3 Big Themes at the 2017 AHLA Physicians and Hospitals Law Institute

During AHLA’s Physicians and Hospitals Law Institute this week, we saw three recurring themes as sessions focused on issues affecting the industry.

  1. MACRA – While there is significant uncertainty surrounding the ACA, MACRA appears to be here to stay. And while the first year of reporting requirements began this year it is clear that a lack of knowledge and understanding of MACRA abounds. Key thoughts to consider:
  • MACRA will continue to drive consolidation - Most independent practices don’t have the infrastructure or capital to invest in required IT to support needed documentation requirements.
  • MACRA’s impact on physician compensation - Recent Sullivan Cotter survey reports increased physician compensation tied to quality (approximately 7% of total cash compensation for staff physicians) individuals developing physician compensation models should use caution not to double dip or use as a pay raise for physicians. The MIPS track of MACRA was established to be budget neutral with both winners and losers and the Advanced APM track requires more than nominal risk to qualify.
  • MACRA and the implications of fair market value and commercial reasonableness can be tricky - Advanced APM models include waivers for FMV but each model requires a different set of waivers and rules. One size does not fit all. Also, stacking should really be considered when reviewing total cash payments to physicians. Consider the pieces and parts and look at the whole. Finally, the question of whether or not it is commercially reasonable to compensate or share MACRA reimbursement increases with physicians not directly responsible for improving quality should be contemplated and properly documented on the front end.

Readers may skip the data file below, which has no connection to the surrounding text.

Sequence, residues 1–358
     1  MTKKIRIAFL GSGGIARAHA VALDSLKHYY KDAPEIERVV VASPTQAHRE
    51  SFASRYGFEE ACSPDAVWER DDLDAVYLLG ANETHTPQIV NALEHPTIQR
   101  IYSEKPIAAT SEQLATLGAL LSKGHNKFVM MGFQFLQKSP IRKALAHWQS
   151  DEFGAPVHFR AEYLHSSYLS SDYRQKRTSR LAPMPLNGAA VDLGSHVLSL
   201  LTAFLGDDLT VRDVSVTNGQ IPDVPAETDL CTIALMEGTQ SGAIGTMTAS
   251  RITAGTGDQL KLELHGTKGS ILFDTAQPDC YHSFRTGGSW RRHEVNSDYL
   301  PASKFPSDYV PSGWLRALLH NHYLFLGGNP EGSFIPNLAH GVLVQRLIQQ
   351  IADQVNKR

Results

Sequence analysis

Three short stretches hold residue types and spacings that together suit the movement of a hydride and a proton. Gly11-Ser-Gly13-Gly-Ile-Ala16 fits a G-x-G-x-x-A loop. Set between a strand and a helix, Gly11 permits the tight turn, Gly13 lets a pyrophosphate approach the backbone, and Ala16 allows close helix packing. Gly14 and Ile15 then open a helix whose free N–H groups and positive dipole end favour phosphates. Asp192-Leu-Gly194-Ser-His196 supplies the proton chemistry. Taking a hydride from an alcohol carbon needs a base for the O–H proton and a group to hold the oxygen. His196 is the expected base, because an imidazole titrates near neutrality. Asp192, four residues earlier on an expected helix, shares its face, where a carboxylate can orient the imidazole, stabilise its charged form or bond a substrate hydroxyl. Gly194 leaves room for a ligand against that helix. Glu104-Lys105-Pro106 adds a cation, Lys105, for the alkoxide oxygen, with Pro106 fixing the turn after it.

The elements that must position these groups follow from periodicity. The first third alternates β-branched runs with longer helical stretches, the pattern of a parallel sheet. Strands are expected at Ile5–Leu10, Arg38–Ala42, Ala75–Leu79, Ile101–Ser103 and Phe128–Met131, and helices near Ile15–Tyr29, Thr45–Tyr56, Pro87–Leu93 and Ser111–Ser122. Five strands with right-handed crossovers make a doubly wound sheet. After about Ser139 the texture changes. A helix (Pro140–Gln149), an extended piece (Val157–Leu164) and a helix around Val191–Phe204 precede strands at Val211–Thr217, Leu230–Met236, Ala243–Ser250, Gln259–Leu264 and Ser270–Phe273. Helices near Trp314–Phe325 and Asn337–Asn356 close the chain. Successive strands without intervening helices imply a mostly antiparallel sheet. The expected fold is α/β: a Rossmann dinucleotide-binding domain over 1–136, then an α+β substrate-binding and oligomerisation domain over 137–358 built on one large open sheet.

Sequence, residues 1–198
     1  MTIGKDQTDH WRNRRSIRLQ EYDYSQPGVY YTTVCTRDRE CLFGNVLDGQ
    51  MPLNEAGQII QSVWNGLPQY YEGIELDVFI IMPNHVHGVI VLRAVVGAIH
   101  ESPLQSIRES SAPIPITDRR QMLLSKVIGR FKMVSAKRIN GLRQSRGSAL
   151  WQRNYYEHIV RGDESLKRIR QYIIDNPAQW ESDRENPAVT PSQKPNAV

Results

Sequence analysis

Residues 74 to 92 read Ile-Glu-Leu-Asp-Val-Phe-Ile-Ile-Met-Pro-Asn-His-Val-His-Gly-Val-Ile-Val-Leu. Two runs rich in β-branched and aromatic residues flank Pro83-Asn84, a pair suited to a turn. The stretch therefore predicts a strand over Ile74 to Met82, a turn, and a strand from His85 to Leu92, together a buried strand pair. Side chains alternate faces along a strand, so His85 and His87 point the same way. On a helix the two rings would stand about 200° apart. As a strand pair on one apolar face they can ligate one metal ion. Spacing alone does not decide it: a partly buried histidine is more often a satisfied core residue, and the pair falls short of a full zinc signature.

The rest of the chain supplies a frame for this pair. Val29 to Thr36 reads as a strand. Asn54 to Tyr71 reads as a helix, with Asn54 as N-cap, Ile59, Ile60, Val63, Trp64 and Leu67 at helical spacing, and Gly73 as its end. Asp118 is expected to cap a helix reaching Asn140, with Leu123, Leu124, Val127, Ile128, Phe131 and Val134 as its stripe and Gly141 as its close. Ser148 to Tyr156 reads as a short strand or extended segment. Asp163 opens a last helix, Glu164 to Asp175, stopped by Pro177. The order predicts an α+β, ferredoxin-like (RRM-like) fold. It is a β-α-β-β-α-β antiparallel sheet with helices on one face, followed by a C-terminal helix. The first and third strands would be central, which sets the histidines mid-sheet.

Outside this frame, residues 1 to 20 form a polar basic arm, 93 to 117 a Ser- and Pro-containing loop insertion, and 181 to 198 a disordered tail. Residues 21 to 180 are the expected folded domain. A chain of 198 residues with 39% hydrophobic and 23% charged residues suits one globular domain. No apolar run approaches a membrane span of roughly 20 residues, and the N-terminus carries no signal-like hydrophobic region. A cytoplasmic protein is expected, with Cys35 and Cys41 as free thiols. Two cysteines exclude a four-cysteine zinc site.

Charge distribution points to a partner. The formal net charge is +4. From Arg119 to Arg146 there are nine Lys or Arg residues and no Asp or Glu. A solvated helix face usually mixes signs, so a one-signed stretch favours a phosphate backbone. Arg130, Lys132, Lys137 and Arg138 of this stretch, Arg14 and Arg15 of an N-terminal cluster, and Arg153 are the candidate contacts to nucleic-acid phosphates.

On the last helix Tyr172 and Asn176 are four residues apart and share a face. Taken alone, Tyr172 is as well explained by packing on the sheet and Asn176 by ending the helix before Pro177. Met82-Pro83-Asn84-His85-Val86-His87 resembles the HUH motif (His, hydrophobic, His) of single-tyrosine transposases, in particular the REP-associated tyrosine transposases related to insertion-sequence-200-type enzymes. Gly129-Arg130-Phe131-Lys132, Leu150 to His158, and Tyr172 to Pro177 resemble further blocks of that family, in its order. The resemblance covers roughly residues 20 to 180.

1. Mitigation and Risk Management Large dollar settlements continued to be a theme in 2016 and that’s expected to continue into 2017. Focus on establishing compensation compliance programs in light of payment reform reverberated throughout the conference. Key take a ways are:
  • Practice Losses and impact on fair market value and commercial reasonableness - Practice losses do not imply that a transaction is not FMV or CR. However, practice losses do spotlight potential high risk transactions. Therefore, strong compliance programs that document on the front end the need for a particular transaction, why any losses may occur and steps taken to mitigate losses are essential. While these compliance programs aren’t a “get out of jail free card” this type of compliance documentation certainly establishes a compliant mindset position.
  • Survey Data “Dos and Don’ts” - It has never more been true that pulling a survey off the shelf and using it as FMV documentation can cause serious compliance risks. Careful use and understanding of survey data continues to play a key role in establishing FMV. And payment reform will further highlight the need for informed survey users as the risk for double dipping and stacking issues will rise.
  1. Cybersecurity – Eduardo Monarez, Director of Intelligence at USAF said one of the most important challenges we face as a nation is cyber security. Monarez emphasized even basic attacks are getting more and more sophisticated mimicking nation state methods. That calls for organizations to seek expertise that understands malicious software, code, techniques and procedures. Knowing how an attacker attacks and the sharing of that information, even among competitors within the healthcare industry, can be used to develop lessons learned and apply those techniques to develop a compromise and monitor network flow.  Monarez closed his presentation stating that we are the weakest link, and to sustain an adversary attack and continue to function calls for a policy of resiliency.

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